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  • What I did on my summer vacation... | Ethnologue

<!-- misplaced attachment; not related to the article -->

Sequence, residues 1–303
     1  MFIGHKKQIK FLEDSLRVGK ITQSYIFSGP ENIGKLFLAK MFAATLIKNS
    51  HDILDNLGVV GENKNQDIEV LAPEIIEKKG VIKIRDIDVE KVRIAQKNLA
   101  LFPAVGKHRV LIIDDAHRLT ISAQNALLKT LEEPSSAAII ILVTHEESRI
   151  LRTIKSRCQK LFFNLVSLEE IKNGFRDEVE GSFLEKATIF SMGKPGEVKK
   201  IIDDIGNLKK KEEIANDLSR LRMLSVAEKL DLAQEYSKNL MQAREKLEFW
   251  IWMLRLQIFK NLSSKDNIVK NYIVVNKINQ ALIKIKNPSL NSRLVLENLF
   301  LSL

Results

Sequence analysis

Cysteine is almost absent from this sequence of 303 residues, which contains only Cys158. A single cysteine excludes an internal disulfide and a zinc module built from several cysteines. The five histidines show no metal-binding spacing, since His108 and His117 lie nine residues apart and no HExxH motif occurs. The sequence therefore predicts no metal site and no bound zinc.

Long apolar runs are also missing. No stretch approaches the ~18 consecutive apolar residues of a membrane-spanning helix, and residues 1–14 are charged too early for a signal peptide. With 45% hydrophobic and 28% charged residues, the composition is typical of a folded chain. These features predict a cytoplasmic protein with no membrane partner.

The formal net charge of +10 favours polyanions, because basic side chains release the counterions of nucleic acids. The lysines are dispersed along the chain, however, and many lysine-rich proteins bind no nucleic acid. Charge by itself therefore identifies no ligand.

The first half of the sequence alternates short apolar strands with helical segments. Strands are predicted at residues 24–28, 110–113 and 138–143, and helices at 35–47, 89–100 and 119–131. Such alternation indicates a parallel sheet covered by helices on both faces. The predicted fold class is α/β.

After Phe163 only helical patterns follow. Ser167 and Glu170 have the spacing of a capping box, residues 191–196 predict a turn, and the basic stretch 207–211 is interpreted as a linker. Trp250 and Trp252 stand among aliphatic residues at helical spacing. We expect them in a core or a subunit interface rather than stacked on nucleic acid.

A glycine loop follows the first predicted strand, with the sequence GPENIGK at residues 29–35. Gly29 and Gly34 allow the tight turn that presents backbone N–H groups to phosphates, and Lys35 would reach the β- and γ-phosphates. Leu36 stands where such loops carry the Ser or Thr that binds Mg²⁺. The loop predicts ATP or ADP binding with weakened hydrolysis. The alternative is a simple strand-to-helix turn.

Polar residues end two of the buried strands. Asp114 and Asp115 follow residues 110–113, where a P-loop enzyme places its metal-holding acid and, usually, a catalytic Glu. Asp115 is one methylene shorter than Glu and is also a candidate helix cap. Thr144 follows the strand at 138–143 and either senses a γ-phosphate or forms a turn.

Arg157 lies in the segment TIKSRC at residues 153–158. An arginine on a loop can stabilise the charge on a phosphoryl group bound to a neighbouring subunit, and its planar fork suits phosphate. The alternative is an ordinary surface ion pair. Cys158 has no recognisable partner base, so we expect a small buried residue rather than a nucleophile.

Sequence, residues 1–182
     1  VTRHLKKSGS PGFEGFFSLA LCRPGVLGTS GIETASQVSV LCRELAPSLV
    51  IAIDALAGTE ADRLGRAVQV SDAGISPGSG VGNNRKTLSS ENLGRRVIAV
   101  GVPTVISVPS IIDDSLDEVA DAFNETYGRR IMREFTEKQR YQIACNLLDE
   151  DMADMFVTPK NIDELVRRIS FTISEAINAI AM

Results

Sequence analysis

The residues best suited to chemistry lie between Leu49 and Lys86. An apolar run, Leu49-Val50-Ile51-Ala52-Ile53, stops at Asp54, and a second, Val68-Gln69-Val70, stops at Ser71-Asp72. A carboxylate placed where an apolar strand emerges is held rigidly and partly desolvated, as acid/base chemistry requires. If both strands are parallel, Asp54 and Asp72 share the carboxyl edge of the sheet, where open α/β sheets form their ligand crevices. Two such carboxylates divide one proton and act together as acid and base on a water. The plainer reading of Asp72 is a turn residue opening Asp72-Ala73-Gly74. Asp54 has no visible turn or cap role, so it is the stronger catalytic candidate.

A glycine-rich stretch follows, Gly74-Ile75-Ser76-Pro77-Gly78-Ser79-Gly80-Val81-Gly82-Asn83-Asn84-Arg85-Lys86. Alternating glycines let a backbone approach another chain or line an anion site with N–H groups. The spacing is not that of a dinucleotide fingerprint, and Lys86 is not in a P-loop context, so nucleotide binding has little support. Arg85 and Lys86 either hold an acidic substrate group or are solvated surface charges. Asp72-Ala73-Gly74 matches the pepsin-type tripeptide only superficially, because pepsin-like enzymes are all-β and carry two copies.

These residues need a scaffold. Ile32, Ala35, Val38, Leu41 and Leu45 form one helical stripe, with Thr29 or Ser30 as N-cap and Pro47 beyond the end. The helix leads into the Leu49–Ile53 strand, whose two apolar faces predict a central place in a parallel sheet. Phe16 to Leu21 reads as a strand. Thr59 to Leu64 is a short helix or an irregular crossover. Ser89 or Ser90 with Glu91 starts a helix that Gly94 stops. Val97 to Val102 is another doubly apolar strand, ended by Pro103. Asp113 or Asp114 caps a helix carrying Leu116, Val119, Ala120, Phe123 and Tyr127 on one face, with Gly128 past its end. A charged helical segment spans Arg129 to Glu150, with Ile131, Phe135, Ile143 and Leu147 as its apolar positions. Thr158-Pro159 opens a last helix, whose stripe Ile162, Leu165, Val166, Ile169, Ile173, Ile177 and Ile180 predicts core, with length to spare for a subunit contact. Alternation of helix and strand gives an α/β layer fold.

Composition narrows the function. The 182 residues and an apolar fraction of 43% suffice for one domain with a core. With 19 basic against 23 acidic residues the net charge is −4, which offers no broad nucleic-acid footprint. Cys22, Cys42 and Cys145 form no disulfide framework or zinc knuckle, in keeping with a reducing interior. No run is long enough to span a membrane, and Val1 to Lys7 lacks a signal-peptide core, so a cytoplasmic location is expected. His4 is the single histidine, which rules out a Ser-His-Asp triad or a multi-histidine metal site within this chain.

have a lot of updating to do as a result of this intensive week of work by nearly 100 different participants Those updates should appear in the 19th edition of the Ethnologue which we will release online in country reports and an updated Global Dataset in February 2016 with the larger print volumes to follow The second major event of this month long trip has just concluded in Brisbane Australia Those who follow the Ethnologue year by year will be aware that we have been actively calling for Ethnologue users to join the conversation One mechanism for doing that is by registering on the website providing a very brief user profile and then submitting comments and corrections via the Feedback tabs on every language and country page There are a large number of registered users and a considerably smaller group who actively contribute Feedback through this channel We d like to see that grow but we have also been looking for other ways to foster collaboration in the research that makes Ethnologue what it is and so widely relied upon To that end we have been working to develop an online collaborative research system That system which we are calling OSCAR Online System for Collaboration and Research debuted this past week as we introduced it to 15 hardy volunteers who have agreed to work with us as Field Contributors These folks know a lot about the languages in the Pacific region but being busy people they don t have large blocks of time to dedicate to updating a lot of Ethnologue data all at once OSCAR makes it possible for them to work on improving Ethnologue language entries a little at a time to review current Ethnologue data to update the existing data with new or additional information and to request the removal of erroneous information All three of us who are editors of the Ethnologue just spent three days together with these Field Contributors learning how OSCAR works and starting to work out the processes by which we can benefit from their knowledge of language situations as well as their access to other knowledgeable networks The hard work of these Field Contributors is a labor of love but at least they can benefit by seeing their work made known and having their knowledge integrated into the comprehensive description of the status of the languages of the world that Ethnologue provides This first training event is just a small step towards building a larger network of Field Contributors We ll be slowly expanding the network and working on improving OSCAR and its capabilities As with any new technology OSCAR has bugs and there are many places where it needs to grow or change The opportunity to work with it on real language data has been extremely helpful While it is a bit overwhelming to see all that we still need to do it is also very exciting to see the potential that this new approach has for both Ethnologue and